The total population of Gabura and Golkhali village are 3073 and 2863, respectively. During the field survey, the population was about 4000 in Gabura and 3500 in Golkhali village; as stated by the local Union parishad. There are two multipurpose cyclone shelters in the villages (Fig. 2). Usually, the capacity of the shelters is 850. While the total number population of the villages is roughly four times larger than the capacity of shelters. Moreover, there is no separate space for women in both cyclone shelters. Therefore, women are often reluctant to go to shelter during cyclonic hazard (Adger 2006; Alam 2017). Based on the key informant interviews it reveals that the Gabura needs at least three more and Golkhali needs two more cyclone shelters to accommodate all vulnerable families of the villages. During the cyclone, the shelter becomes filled up with local people living close to the shelters. Therefore, most of the distant people cannot find space in the shelter because of insufficient capacity. The shelter service is limited to the people located within 1 km from its location (Fig. 3). Outlying people cannot get shelter because space is occupied before their arrival. Therefore, they are strained to reside in unsafe places. In this regard, respondents in both villages demand more cyclone shelters nearby their house to accommodate the vulnerable inhabitants during the hazard.
Fig. 2

a Multi-purpose cyclone shelter and b community clinic cum cyclone shelter in the study area

(Source: authors)

Fig. 3

1 km service area of present cyclone shelters in the study villages

(Source: authors)

4.2 Distance to Cyclone Shelter

Two multipurpose cyclone shelters are available in the two villages. The number of cyclone shelters is very insufficient in terms of the number of population of villages. Although the 2/3 km is not long distance during normal time, in case of rapid storm surge followed by rainfall, the distance seems too long to reach the shelters. About one-third of the respondents of Gabura village live in more than 2.0 km away from cyclone shelter. Therefore, these peoples are undoubtedly exposed to cyclone while all respondents of Golkhali village live within 0–2 km distance and remain relatively safer than Gabura village. Hence, the respondents of Gabura village are more vulnerable to cyclone than the respondents of Golkhali village. Although the accessibility to cyclone shelter also depends on other factors e.g. capacity of cyclone shelter, number of family member, mode of transport to reach cyclone shelter, etc. However, in general, increasing distance from cyclone shelter makes inhabitants more vulnerable to cyclone events. The study finds that cyclone-related casualty increases with the increasing distance to cyclone shelters from the house. Less number of mortality is found among the households located within 0.5 km from cyclone shelter. On the contrary, mortality increases among the households located in more than 1.5 km from cyclone shelter. The total number of deaths was 22, out of which 13, 6 and 3 were in the households living more than 1.5 km, within 0.5–1.5 km and less than 0.5 km distance from cyclone shelter, respectively (Fig. 4). Such finding is consistent with Shoaf and Rotiman (2000) and Paul et al. (2011) that smaller and denser cyclone shelters located within minimum 2 km from household could significantly reduce cyclone-related mortality. Most cases cyclone-related death takes place due to drowning in surge water while people move towards cyclone shelter. The study found that human injury due to cyclone significantly varies according to the shelter distance from houses. Relatively higher numbers of households having injuries are found in the distant households than the nearest households. Cyclone-related injury also takes place while people move towards cyclone shelter. Similarly, incidences of illness significantly vary according to the shelter distance because the people who have taken protection from cyclone shelter faced relatively fewer diseases than others.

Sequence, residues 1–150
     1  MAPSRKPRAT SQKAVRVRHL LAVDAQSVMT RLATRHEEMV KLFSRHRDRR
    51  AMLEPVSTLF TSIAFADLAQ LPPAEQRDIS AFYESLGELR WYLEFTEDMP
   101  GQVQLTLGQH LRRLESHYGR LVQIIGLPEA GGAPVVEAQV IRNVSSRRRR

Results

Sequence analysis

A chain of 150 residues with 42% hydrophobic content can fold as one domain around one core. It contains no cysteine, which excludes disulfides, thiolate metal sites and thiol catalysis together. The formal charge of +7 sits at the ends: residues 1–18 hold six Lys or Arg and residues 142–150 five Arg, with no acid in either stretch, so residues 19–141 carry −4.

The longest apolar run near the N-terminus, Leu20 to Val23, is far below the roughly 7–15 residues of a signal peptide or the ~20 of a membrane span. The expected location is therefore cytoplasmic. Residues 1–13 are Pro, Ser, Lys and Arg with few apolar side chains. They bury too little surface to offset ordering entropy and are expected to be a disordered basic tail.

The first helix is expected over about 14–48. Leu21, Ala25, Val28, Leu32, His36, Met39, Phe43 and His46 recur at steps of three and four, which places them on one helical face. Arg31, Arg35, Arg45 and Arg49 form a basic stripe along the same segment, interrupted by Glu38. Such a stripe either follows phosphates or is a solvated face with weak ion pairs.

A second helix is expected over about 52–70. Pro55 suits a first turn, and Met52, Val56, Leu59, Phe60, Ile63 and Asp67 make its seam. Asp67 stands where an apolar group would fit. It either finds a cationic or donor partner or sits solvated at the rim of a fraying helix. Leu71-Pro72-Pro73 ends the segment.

Fig. 4

Relationship between cyclone shelter distance and associated losses

(Source: authors)

4.3 Condition of Road and Embankments

Connectivity to the road is a precondition for successful evacuation and rescue operation during-disaster period and post-disaster relief operations. The improved road communication networks accelerate the rate of evacuation and rescue operations. The roads and path of the study areas are completely unpaved and narrow. Almost all embankments are used as the road. The conditions of roads are very miserable in both villages which remain completely inaccessible to motorized vehicles. The miserable conditions of the roads and embankments undoubtedly exaggerated the negative impacts of cyclonic hazards. The connecting roads between people’s house to cyclone shelter are very poor and unpaved. The study reveals that 36% of respondents depend on walkway/footpath to go to shelters. The earthen embankments are built to protect the coastal communities from storm surge and tidal/coastal flooding. Both the study villages are protected by embankments, constructed by East Pakistan water and power development authority (EPWAPDA) during 1961–1978 under the Coastal embankment project (CEP). The embankments are intended to defend the nearby land from tidal flooding but cannot prevent coastal inundation and damage from tidal bores. Due to lack of maintenance of embankment on a regular basis, the width of the embankments is decreasing and become deteriorated day by day. Moreover, some peoples cut or penetrate pipes to the embankment to bring saline water for cultivation of shrimps that further weakening the embankment. The embankments are severely narrow and unprotected in many places which are incapable to protect surges or tidal bores.